ing or present participle form. For the verb “dance,” for instance, the imperfect singular aspect is “was dancing” and the imperfect plural aspect is “were dancing.” Also called the continuous participle, this basic form of the English imperfect is meant to describe an action or event that was in progress in the past. To form the past imperfect, however, we must make it clear that the unfolding action or event was unfinished or interrupted, not “perfected,” as in these sentences: “We were touring Paris when the recall order came.” “She ran the business while her husband was gallivanting in Europe.”

Another way of saying this is that in English, a simple past progressive statement like, say, “We were touring
Paris” is not enough to establish the past imperfect aspect. It always needs a time frame established by another past action or condition. Thus, the statement “We were touring Paris” is meaningful only in the context of being an answer to a previously asked question like, say, “What were you doing when the recall order came?” That question, in tandem with the past progressive “We were touring Paris,” establishes the statement’s imperfect aspect.

The past progressive is, thankfully for users of English, not the only way English can evoke the past imperfect. To compensate for its inability to inflect verbs for the various shades of this aspect, the language came up with three other ways of capturing the sense of continuous, incomplete, or coincident past actions. They are as follows:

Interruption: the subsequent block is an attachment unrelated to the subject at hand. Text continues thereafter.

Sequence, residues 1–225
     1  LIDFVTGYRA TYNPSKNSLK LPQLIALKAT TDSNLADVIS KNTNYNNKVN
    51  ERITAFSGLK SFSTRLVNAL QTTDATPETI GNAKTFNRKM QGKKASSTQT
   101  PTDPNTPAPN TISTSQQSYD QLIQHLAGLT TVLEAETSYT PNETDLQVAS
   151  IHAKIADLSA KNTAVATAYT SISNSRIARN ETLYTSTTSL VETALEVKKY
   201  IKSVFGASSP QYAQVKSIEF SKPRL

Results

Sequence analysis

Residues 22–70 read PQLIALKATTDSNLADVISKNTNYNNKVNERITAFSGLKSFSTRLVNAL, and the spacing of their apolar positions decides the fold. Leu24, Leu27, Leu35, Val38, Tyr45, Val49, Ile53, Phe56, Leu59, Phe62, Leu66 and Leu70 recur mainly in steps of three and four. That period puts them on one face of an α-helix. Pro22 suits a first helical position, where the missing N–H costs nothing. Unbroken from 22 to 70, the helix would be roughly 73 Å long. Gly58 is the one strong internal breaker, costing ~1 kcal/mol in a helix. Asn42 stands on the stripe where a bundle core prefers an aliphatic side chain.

Used” + the verb’s infinitive form. This form elegantly expresses repeated, regular, or habitual actions or situations in the past: “We used to dance all night every summer.” “Dreams of Vermont winters used to obsess me in my youth.” “The couple used to host lavish parties until the Asian economic crisis crippled their export business.”

Would” + the verb’s basic form (the verb stem). “We would dance all night every summer.” “Every night the astronomer would wait for the stars to manifest themselves in the sky.” One caveat here: the past imperfect usage of “would” is not the same as its conditional usage, as in “If the weather were clear, we would dance all night at the terrace.”
The verb’s simple past tense + an adverb of frequency. We were always dancing partners in our younger days.” “She often sang each time I played the piano.” “We rarely complained whenever she made impossible demands.”

To sum up, the English past imperfect always conveys the idea of someone doing something or something happening when something else happened. Its job is always to emphasize the continuation or interruption of a past action, in contrast to the past perfect, which always makes sure of putting a finis to that past action.

From the weekly column “English Plain and Simple” by Jose A. Carillo in The Manila Times, March 5, 2004, © 2004 by the Manila Times Publishing Corp. All rights reserved. This essay later appeared as Chapter 53 of the author’s book Give Your English the Winning Edge, © 2009 by Jose A. Carillo. All rights reserved.